RM: Do you have any advice for nonfiction book authors who are seeking new subjects and people to write about?

CP: Pay attention to everything. News stories. Little tidbits in books you’re reading. Stories people tell you. Email newsletter content. (I love Atlas Obscura, Smithsonian, and JSTOR’s newsletters.) And if anything piques your interest, dig deeper—look for stories that have lots of angles. The Great Stink touches on germ theory, engineering, history, and environmental science, so teachers should be able to use it in the classroom in lots of different ways. I imagine that was one thing that made it appealing to my editor—though I’ve never asked. Maybe I should!

 

RM: I was one of the passionate members of your picture book study group. Please tell readers the benefits of creating this kind of group. 

CP: Our picture book publisher book club was THE BEST! When I first got serious about writing for kids (after many years of dabbling) I decided that the best way to learn what made each publishing house or imprint unique, would be to get a big pile of picture books published by the same house and read them all at once. So every month, I checked out about 25 books published in the last five years by one publisher, say Chronicle Books, for example, and invited other picture book enthusiasts (including you!) over to my house and we would take turns reading books aloud. The following month, we might do books from Roaring Brook or Holiday House. At first, we only read books from places that accepted unsolicited manuscripts because most of us were unagented, but after the first year, we broadened our scope. There were so many benefits to creating this group. We learned a ton about the market and what was being published. We started to pick up on the subtle (or not so subtle) differences in the books coming from different publishing houses. And, best of all, we made lasting friendships. I think that book club was one of the best things I ever did for myself as a writer.

 

RM: Before we say goodbye, I’m sure everyone wants to know what’s on the horizon for you?

CP: My next book, Rainbow Truck, comes out in 2023 from Chronicle Books. I co-wrote it with Hina Abidi and Saffa Khan is illustrating. It tells the story of a Pakistani decorated truck trying to discover her true purpose as she makes deliveries around the country. If you have never seen a decorated truck from Pakistan, Google it! They’re incredible!! And, in the meantime, I’m working on a new picture book biography and I’ve got a few other projects on the back burner, too. Thanks so much, Ronna, for interviewing me. I’m really glad to be celebrating my book’s birthday with you!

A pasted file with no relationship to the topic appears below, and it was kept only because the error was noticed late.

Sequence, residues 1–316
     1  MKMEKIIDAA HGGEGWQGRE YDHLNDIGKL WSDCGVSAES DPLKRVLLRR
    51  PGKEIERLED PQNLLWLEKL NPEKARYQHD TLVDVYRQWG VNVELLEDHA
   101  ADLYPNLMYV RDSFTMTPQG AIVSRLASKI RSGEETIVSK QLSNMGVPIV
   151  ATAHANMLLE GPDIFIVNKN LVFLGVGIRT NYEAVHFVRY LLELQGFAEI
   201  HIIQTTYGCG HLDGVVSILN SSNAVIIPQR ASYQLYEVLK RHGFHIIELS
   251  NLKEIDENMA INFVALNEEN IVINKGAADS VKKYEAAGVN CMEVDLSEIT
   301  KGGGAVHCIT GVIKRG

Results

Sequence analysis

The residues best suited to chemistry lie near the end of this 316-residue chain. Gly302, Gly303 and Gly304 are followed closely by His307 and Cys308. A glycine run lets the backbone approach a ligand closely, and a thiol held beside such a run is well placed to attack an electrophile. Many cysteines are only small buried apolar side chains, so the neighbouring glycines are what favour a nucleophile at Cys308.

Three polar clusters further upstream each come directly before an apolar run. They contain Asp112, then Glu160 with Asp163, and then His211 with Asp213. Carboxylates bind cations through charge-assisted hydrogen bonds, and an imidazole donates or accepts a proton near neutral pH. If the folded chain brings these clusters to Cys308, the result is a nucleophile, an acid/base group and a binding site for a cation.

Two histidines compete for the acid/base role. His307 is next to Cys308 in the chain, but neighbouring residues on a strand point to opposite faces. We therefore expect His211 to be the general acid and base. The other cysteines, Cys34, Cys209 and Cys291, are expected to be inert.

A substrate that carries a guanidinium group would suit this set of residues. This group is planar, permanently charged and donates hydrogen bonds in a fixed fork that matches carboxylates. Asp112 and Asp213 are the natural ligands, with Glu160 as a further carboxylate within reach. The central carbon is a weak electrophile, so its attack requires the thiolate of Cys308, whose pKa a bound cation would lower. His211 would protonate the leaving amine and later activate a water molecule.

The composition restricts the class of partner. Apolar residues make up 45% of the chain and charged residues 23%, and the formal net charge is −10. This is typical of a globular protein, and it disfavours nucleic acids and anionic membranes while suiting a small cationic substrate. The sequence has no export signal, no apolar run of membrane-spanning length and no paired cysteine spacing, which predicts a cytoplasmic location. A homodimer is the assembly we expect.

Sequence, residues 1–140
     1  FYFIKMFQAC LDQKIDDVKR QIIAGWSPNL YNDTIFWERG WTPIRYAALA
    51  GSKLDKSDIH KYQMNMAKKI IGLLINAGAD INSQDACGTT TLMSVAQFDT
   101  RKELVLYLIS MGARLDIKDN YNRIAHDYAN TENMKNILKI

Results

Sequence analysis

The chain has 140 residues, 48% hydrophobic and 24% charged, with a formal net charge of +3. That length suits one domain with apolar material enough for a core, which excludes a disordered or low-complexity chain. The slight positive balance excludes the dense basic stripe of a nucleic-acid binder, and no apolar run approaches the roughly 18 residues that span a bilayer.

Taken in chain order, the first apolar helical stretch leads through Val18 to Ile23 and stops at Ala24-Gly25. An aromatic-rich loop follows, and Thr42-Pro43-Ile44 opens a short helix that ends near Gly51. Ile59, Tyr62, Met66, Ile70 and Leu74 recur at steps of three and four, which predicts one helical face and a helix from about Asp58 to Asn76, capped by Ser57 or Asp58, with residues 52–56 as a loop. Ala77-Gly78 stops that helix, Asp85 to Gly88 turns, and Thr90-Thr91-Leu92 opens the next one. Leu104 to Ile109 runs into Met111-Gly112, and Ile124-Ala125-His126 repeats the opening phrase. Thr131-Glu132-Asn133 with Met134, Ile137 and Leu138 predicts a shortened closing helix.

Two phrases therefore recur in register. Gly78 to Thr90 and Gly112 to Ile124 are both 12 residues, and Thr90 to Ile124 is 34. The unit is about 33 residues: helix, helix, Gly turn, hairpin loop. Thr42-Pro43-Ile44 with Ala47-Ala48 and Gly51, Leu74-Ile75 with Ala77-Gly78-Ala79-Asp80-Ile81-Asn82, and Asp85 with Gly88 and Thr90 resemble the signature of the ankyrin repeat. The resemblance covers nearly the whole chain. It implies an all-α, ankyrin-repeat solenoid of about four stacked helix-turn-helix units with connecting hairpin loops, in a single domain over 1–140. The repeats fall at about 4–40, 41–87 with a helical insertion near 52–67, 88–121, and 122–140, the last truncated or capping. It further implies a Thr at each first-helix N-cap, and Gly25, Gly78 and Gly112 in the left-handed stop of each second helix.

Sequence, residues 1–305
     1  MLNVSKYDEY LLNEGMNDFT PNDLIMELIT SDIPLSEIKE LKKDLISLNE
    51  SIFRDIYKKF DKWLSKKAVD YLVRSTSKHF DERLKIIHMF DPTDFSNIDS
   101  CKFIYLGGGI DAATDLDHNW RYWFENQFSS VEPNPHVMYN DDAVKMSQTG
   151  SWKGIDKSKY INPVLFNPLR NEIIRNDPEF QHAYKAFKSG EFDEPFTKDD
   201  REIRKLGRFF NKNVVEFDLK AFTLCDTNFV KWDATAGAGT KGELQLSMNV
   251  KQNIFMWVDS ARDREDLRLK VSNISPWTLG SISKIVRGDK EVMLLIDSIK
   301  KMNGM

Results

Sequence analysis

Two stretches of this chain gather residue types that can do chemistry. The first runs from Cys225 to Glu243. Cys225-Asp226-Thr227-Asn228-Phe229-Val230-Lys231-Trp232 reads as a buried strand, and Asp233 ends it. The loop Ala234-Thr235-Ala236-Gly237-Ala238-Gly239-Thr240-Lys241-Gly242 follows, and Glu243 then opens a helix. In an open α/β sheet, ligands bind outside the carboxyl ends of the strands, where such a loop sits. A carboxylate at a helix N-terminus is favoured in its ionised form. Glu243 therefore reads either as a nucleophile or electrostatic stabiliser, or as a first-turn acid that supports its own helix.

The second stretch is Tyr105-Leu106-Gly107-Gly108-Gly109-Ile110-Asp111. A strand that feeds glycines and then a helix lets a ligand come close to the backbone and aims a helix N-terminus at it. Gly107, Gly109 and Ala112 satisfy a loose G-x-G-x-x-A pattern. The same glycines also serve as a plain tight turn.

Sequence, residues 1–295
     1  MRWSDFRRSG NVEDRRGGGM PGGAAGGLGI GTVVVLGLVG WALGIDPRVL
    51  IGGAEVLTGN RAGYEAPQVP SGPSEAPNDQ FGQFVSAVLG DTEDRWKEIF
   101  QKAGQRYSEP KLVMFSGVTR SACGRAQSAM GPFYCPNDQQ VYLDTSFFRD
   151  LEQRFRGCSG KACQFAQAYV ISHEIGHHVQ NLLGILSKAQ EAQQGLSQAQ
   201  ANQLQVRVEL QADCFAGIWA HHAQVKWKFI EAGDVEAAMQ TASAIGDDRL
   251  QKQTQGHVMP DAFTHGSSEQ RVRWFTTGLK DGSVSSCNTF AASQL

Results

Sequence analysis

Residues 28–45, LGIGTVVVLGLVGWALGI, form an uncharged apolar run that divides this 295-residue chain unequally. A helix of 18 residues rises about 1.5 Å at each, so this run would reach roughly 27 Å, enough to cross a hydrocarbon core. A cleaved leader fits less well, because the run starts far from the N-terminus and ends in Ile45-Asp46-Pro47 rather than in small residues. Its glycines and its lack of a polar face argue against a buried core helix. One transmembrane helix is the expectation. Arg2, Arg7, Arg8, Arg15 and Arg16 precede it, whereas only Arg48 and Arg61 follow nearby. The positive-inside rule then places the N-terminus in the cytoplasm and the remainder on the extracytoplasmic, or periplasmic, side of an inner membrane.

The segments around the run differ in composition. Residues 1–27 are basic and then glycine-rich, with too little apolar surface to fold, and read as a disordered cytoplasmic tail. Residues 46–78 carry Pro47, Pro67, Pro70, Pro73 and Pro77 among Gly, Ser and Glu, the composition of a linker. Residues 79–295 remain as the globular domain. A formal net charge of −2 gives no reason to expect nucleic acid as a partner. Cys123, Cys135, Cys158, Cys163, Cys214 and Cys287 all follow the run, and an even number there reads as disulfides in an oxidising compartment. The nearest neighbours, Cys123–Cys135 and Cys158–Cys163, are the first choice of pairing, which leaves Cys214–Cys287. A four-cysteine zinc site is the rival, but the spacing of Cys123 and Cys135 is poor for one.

RM: And thank you, Colleen, for taking the time to go into such fascinating detail about The Great Stink. It’s been wonderful!

 

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Colleen Paeff Photo Credit: Warren Paeff

BRIEF BIO

Fueled by English breakfast tea, a burning curiosity, and a love of research, Colleen Paeff writes picture books from a book-lined office in an old pink house with a view of the Hollywood sign. She is the author of The Great Stink: How Joseph Bazalgette Solved London’s Poop Pollution Problem (Margaret K. McElderry Books, 2021) and Rainbow Truck, co-authored with Hina Abidi (Chronicle Books, 2023). Find her online at www.colleenpaeff.com and on Twitter and Instagram @ColleenPaeff.

 

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CLICK HERE TO BUY COLLEEN’S BOOK

 

LINKS

Website: www.colleenpaeff.com

Newsletter: https://www.colleenpaeff.com/newsletter/

Twitter: @ColleenPaeff

Instagram: @colleenpaeff

 

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Kids Picture Book Biography – The Polio Pioneer: Dr. Jonas Salk and the Polio Vaccine

 

 

 

THE POLIO PIONEER:
DR. JONAS SALK AND THE POLIO VACCINE

Written by Linda Elovitz Marshall

Illustrated by Lisa Anchin

(Knopf BYR; $17.99; AGES 4-8)

 

 

The Polio Pioneer book cover art of Jonas Salk

 

A topic on everyone’s tongues these days is vaccinations. When she wrote this book, Linda E Marshall likely had no idea how relevant her book would be today and how once again, an innovative vaccine is saving lives around the world. 

 

The book opens with four-year-old Jonas Salk sitting on top of his father’s shoulders during the victory parade celebrating the end of World War I. But Jonas doesn’t understand the cheering when all he sees are injured soldiers. Jonas, readers learn, sees things differently. Find out about the man and the story behind the life-changing vaccine he developed in THE POLIO PIONEER: Dr. Jonas Salk and the Polio Vaccine written by Linda Elovitz Marshall with illustrations by Lisa Anchin.

 

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Interior illustrations from The Polio Pioneer: Dr. Jonas Salk and the Polio Vaccine written by Linda Elovitz Marshall and illustrated by Lisa Anchin, Knopf BYR ©2020.